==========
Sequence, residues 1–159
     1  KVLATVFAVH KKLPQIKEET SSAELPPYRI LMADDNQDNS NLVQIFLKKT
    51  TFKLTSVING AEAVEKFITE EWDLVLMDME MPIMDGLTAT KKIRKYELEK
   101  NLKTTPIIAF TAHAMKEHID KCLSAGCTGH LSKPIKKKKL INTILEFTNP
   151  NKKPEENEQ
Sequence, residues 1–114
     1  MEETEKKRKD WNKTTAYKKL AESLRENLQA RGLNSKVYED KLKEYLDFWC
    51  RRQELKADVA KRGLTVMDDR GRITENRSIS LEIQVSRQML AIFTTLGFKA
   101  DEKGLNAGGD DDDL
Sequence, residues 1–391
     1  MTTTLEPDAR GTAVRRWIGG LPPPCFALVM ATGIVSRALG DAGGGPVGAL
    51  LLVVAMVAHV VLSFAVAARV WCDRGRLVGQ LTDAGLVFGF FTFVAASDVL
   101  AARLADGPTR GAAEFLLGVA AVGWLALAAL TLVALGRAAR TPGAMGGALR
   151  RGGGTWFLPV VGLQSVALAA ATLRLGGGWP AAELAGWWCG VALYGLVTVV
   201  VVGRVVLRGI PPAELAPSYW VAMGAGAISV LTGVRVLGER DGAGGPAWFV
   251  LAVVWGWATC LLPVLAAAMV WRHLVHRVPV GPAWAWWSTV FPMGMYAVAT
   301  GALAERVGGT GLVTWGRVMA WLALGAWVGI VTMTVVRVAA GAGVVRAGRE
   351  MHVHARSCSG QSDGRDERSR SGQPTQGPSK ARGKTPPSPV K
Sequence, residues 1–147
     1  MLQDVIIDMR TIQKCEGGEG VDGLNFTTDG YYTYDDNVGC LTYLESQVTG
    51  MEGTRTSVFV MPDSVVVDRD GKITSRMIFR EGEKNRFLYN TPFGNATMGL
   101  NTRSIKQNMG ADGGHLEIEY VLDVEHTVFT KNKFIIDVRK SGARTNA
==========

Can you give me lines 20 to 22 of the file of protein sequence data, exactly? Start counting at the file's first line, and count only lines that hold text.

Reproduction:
     1  MLQDVIIDMR TIQKCEGGEG VDGLNFTTDG YYTYDDNVGC LTYLESQVTG
    51  MEGTRTSVFV MPDSVVVDRD GKITSRMIFR EGEKNRFLYN TPFGNATMGL
   101  NTRSIKQNMG ADGGHLEIEY VLDVEHTVFT KNKFIIDVRK SGARTNA